Huge Driving Test Changes Due in December 2017

sat nav on the new driving testLearner drivers must show they are able to make use of a satnav in a shakeup of the driving test.

But critics warned the move was a security hazard as it may raise ’ reliance on their satnavs to motorists.

Studies have found motorists ‘switch ’ parts of the brain when the apparatus are on off. The change to the practical driving test is among several declared in the largest overhaul for over 20 years.

Students will do a three-point turn in the street or reverse around a corner. Instead, they turn out as when they were shopping centre car park and will park in a bay. Ministers said the changes were designed to modernise the evaluation and cut on the amount of injuries on the roads.

Other key changes include newcomers needing to perform security manoeuvres – while driving instead of before the evaluation, such as switching.

The ‘independent driving’ segment may also be raised from ten to 20 minutes.
The practical test will however take about 40 minutes as well as the £62 price will remain precisely the same. Now, while their driving is evaluated students are told to follow indications to your certain destination. But from a satnav along a path determined by the teacher they’re going to rather follow directions in four out of five of the newest evaluations.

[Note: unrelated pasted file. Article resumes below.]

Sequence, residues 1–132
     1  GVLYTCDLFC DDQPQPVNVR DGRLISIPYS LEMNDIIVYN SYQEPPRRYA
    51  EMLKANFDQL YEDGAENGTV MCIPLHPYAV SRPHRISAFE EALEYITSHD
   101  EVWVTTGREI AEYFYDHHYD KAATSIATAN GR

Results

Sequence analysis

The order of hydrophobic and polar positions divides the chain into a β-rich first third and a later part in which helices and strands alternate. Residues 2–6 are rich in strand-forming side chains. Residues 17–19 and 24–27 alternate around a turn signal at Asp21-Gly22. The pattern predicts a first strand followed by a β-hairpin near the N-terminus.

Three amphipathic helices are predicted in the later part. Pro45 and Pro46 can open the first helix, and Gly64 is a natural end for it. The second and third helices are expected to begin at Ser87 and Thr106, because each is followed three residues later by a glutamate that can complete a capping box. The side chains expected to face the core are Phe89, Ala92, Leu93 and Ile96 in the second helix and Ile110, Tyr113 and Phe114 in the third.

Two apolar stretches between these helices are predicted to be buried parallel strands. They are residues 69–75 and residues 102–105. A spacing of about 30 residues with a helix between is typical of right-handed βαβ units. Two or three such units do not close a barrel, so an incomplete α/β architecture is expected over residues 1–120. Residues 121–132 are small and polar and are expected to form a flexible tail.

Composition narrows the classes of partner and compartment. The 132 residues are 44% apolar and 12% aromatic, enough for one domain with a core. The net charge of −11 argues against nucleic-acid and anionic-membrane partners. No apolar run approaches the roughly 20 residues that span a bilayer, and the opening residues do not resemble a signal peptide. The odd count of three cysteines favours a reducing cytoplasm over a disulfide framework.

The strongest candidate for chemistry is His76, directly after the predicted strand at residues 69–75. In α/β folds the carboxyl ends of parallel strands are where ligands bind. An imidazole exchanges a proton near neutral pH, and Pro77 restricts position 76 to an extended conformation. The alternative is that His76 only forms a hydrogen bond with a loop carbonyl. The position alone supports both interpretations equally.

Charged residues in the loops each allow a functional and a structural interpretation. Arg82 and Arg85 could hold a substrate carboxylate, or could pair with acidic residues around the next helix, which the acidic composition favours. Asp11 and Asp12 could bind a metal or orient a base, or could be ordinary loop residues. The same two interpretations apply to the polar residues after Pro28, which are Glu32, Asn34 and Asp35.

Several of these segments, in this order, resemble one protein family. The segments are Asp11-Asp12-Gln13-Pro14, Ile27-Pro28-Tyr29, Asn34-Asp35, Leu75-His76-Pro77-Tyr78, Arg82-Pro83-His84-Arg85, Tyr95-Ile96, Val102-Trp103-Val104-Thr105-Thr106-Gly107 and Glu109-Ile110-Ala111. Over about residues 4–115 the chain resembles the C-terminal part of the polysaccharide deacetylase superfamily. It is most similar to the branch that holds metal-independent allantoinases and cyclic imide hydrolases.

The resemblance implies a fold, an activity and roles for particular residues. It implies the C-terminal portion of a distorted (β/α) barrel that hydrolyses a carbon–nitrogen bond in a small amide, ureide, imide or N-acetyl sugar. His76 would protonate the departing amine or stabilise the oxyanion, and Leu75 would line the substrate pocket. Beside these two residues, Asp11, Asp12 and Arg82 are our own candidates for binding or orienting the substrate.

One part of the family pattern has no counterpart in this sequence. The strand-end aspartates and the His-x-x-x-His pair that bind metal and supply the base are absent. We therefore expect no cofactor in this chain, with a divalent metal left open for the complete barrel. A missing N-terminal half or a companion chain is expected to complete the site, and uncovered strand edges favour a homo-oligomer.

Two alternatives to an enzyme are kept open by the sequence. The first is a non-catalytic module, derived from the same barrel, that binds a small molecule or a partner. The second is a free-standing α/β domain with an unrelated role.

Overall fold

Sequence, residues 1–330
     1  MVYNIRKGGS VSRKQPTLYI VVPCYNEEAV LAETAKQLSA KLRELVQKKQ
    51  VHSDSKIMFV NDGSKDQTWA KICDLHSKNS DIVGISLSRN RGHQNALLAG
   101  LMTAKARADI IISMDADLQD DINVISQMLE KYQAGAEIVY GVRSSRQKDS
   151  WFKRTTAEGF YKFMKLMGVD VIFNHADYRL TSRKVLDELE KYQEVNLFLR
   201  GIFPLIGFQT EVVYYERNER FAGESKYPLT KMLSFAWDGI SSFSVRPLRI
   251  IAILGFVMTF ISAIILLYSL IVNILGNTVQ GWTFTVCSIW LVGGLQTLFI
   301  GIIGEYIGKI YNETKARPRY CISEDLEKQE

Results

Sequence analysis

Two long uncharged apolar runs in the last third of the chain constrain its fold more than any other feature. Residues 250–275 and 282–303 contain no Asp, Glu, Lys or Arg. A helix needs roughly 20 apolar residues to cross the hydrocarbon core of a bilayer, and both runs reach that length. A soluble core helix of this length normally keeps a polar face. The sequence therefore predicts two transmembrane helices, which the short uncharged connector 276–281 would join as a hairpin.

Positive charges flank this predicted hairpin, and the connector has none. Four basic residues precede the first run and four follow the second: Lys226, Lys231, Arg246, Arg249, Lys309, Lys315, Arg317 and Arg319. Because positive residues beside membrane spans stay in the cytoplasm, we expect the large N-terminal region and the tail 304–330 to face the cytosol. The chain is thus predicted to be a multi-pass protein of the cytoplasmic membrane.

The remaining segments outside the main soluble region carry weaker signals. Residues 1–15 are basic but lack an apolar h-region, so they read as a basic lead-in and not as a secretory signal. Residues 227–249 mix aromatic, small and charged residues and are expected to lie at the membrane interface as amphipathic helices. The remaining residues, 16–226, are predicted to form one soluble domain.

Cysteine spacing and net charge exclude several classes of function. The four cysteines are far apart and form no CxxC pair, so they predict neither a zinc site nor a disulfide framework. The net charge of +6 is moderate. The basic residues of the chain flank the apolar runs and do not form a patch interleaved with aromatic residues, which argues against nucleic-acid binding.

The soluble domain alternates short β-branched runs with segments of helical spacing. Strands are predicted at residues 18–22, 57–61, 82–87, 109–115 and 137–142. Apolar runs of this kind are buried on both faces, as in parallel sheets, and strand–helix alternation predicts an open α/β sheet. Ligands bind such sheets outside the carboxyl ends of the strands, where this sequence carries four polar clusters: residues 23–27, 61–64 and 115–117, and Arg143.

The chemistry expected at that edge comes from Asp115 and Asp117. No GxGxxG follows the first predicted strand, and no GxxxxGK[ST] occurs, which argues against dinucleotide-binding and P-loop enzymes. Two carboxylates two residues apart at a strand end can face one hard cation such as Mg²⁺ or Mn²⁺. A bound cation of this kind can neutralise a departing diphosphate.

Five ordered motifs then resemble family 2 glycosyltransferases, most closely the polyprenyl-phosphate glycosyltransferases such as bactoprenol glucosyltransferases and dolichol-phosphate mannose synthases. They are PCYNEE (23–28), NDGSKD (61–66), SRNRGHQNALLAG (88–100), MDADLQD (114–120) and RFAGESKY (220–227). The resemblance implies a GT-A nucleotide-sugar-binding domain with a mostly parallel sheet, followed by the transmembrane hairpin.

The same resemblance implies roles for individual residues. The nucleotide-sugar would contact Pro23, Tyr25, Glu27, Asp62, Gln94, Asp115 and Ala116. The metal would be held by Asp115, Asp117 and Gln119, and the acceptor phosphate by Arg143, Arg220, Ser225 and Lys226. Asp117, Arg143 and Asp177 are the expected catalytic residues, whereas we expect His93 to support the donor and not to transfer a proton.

What has been introduced to the driving test:

– Requesting nominees to follow directions to road signs that are subsequent

– Driving into and turning from a parking bay

What they will be taking out from the driving test:

-Left Reverse and Turn in the Road manoeuvres

– Driving around housing estates

In the remaining instances, they’ll drive to some destination. They’ll not realise in advance which evaluation they face.

Half of drivers who took part in the consultation thought that a use of a satnav in the driving test was a good thing and had widespread support to make use of them.

But critics point to studies that have demonstrated the brain is not as energetic than when we work out the path ourselves, when we use satnavs.

When volunteers were requested to compute a path in 2014 scientists at University College London discovered that the two regions of the mind regarded as significant for browsing – the entorhinal cortex as well as the hippocampus – lit up.

Yet when they only followed directions, its computations were left by the brain.